Refer to the owner's manual for vehicle maintenance schedule (usually 30,000 miles/48 months or 60, 000 miles/72 months - some 1984 vehicles 15,000 miles/12 months) for valve clearance adjustment (lash) as all years and model engines have different mile and time intervals.
Valve lash is one factor which determines how far the intake and exhaust valves will open into the cylinder. If the valve clearance is too large, part of the lift of the camshaft will be used up in removing the excessive clearance, thus the valves will not be opened far enough. This condition has two effects, the valve train components will emit a tapping noise as they take up the excessive clearance, and the engine will perform poorly, since the less the intake valve opens, the smaller the amount of air/fuel mixture admitted to the cylinders will be. The less the exhaust valves open, the greater the back-pressure in the cylinder which prevents the proper air/fuel mixture from entering the cylinder.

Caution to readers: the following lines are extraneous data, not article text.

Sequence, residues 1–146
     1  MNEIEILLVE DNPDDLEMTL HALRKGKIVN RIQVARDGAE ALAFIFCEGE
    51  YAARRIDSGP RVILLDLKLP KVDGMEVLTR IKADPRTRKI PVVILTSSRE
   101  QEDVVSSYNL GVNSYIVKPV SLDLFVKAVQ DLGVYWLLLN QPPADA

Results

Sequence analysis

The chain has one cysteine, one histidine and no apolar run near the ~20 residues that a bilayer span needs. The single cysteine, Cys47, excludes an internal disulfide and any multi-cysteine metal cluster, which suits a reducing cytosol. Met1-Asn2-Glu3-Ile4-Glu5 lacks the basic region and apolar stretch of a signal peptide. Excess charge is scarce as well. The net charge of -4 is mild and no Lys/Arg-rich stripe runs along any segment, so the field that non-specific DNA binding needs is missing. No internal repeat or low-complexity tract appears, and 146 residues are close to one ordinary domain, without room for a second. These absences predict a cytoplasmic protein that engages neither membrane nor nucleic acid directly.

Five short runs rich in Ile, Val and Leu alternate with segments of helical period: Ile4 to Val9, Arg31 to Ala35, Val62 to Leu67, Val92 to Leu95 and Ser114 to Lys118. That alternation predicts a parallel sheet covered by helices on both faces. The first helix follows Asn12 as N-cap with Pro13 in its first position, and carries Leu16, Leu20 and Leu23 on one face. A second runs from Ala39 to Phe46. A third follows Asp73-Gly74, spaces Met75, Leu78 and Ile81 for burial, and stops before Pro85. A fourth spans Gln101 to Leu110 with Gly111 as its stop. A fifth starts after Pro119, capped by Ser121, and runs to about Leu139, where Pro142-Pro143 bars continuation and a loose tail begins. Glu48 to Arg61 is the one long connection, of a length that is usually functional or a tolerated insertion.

If the valve clearance is too small, the intake and exhaust valves will not fully seat on the cylinder head when they close. When a valve seats on the cylinder head it does two things, it seals the combustion chamber so none of the gases in the cylinder can escape and it cools itself by transferring some of the heat it absorbed from the combustion process through the cylinder head and into the engine cooling system. Therefore, if the valve clearance is too small, the engine will run poorly (due to gases escaping from the combustion chamber), and the valves will overheat and warp (since they cannot transfer heat unless they are touching the seat in the cylinder head).
While all valve adjustments must be as accurate as possible, it is better to have the valve adjustment slightly loose than slightly tight, as burnt valves may result form overly tight adjustments.